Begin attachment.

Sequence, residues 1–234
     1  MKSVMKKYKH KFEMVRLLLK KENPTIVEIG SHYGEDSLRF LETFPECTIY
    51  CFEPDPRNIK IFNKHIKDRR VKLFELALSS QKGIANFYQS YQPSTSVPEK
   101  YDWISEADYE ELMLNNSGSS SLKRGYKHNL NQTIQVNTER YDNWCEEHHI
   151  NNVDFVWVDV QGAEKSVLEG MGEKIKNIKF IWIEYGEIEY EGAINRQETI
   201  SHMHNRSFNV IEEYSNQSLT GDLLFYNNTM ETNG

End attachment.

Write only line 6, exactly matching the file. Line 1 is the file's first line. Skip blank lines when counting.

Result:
   201  SHMHNRSFNV IEEYSNQSLT GDLLFYNNTM ETNG